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Can Negotiations End the Conflict in Syria?

For the resumed peace talks in Geneva to have any chance of success, the United States must realize that diplomatic solutions cannot be realized independent of the military realities on the ground, writes Frederic Hof, former U.S. special advisor for transition in Syria.

Written by Frederic C. Hof Published on Read time Approx. 4 minutes

U.N. special envoy Staffan de Mistura suspended Syrian peace talks in February due mainly to a civilian-centric Russian bombing campaign. Now he is summoning the negotiators. The bombing campaign has slackened, casualties are down and humanitarian aid is beginning to flow to a small but noticeable fraction of desperately needy Syrians. Can peace negotiations add, at long last, a dose of reality to the “no military solution for Syria” mantra chanted by the West as Syria disgorges people?

The whip hand now resides at the end of the arm of the president of the Russian Federation. He, unlike his Western counterparts, fully grasps that diplomatic results reflect military realities. He, his Iranian partner and his Syrian client (Bashar al-Assad) all understand that the solution they seek for Syria requires military muscle to shape diplomatic processes and mold political outcomes. Much – indeed the majority – of their military firepower has focused on civilians. They think that collective punishment, mass homicide and terror work; they demoralize survivors and make death magnets of armed rebels. In the absence of any useful Western pushback, they may be proven right.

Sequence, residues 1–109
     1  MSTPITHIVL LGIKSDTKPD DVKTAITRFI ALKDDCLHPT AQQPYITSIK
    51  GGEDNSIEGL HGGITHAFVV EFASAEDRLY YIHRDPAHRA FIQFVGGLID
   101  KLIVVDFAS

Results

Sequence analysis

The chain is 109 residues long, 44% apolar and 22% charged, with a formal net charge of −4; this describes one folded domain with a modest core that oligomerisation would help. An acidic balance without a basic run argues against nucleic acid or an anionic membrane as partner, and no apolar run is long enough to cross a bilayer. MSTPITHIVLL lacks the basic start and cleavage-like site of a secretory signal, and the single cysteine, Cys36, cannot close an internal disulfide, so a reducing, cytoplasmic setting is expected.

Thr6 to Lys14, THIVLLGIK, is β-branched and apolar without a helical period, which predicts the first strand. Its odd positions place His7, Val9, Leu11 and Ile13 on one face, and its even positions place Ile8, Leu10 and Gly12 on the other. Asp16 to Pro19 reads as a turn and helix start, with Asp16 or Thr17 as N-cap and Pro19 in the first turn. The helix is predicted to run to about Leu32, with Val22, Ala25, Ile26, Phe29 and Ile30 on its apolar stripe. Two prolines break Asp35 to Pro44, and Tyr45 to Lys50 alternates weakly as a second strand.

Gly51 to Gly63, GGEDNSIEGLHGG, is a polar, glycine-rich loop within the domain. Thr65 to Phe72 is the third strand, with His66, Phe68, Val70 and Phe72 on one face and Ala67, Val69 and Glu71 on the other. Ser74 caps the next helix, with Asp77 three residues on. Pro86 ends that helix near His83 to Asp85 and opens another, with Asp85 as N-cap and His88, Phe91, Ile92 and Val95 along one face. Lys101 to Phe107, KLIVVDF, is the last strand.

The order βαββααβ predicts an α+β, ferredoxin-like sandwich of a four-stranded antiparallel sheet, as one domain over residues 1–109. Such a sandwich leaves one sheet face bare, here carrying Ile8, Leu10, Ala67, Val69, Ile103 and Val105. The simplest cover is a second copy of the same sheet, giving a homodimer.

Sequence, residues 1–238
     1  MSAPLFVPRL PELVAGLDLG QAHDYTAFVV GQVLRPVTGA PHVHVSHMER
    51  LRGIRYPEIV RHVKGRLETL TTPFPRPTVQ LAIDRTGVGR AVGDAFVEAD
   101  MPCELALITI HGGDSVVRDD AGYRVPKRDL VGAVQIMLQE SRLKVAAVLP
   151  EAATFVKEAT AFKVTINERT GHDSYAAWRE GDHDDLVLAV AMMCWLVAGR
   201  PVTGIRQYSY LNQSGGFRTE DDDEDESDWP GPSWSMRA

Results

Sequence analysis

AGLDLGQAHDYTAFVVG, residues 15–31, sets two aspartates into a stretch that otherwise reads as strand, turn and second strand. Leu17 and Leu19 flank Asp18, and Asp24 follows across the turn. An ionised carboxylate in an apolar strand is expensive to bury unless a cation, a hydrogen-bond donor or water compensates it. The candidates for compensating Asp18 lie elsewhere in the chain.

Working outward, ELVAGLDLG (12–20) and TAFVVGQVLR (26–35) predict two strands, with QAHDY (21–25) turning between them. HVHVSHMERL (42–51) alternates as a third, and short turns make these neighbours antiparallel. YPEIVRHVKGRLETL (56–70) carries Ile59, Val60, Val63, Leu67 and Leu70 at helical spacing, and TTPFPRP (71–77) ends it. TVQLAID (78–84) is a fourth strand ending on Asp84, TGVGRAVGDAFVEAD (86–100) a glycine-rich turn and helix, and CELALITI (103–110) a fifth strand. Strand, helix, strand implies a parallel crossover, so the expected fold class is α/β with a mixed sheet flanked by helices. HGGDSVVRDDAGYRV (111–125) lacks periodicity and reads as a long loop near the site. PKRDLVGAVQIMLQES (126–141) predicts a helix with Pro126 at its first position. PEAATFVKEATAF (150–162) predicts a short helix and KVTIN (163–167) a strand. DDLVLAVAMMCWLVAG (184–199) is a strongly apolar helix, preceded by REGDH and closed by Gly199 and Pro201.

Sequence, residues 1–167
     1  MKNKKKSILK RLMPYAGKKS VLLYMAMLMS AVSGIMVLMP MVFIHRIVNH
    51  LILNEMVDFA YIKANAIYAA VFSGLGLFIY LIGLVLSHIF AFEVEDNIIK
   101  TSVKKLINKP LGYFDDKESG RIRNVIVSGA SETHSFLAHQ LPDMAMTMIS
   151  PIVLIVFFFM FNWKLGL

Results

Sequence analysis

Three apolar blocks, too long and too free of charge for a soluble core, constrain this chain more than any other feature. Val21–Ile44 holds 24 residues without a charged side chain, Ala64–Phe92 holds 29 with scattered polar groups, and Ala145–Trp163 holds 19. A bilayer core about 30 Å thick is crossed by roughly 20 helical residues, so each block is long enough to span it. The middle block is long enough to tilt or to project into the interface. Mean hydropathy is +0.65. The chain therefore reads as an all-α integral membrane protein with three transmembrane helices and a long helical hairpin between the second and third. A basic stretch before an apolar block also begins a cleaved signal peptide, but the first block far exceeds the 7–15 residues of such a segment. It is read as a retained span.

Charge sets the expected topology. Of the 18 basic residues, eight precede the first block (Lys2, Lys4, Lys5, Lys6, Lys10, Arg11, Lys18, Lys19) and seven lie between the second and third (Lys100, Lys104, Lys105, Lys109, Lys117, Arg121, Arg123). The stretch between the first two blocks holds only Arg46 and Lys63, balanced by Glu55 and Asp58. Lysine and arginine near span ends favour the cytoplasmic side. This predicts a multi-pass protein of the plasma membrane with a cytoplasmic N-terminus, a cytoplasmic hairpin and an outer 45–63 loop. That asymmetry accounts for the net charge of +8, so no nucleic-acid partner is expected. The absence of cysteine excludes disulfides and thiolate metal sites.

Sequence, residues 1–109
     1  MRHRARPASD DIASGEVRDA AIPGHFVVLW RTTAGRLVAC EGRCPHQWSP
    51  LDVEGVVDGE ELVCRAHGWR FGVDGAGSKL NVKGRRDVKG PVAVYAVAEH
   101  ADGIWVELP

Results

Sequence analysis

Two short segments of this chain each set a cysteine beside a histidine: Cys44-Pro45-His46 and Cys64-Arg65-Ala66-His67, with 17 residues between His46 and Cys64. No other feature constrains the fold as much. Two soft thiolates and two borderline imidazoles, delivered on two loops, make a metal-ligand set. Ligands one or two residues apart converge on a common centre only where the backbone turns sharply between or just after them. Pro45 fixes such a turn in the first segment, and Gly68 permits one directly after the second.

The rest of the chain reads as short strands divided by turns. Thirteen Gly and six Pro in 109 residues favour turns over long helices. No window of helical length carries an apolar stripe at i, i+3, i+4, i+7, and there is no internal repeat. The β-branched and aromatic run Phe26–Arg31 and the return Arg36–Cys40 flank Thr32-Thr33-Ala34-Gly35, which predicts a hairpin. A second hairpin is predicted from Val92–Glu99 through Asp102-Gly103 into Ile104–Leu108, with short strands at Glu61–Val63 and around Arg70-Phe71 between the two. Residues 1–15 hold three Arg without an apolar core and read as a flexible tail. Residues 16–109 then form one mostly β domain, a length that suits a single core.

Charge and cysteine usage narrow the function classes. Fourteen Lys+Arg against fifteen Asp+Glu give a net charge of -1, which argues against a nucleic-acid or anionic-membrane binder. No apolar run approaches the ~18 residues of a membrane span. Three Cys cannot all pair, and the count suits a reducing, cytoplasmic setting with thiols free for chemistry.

The Syrian opposition would return to Geneva in the wake of over six months of Russian bombing, an aerial blitz that has reversed the military fortunes of an exhausted Assad regime. Moscow’s September 30, 2015 intervention was launched in the name of battling ISIS. This was a lie. Russia entered to save Assad, for whom ISIS was the least of problems. Indeed, for a Syrian president steeped in atrocities and mind-numbing criminality, ISIS is the potential ticket back to polite society; an entity arguably worse than Syria’s principal destroyer. Russia has wasted little time on ISIS. Instead it has helped Assad – born aloft on the ground by Shia foreign fighters – regain key non-ISIS territory in northwestern Syria.

It is against this backdrop that the Syrian opposition will try to negotiate a transitional governing body to replace the regime and rule Syria temporarily. This end is dictated by the June 2012 Geneva Final Communique: the basis for the peace talks. Obviously the opposition wants Assad gone. Unaided, their prospects for success are precisely zero.

Aid could, hypothetically, come from Assad’s crucial crutches: Moscow and Tehran. Their efforts to sideline a hopelessly corrupt and brutal family-based regime could preserve the Syrian state and enable a united Syrian front against ISIS. This would require real statesmanship and foresight. Neither is likely to be forthcoming if talking points are all they face.

Russia’s Putin sees Assad as embodying a state he has vowed to save from the alleged regime change and democratization machinations of President Barack Obama. Iran’s Supreme Leader sees Assad as uniquely enthusiastic, in an otherwise nationalistic Syria, about subordinating the country entirely to Iran on the question of Tehran’s Lebanese franchise: Hezbollah.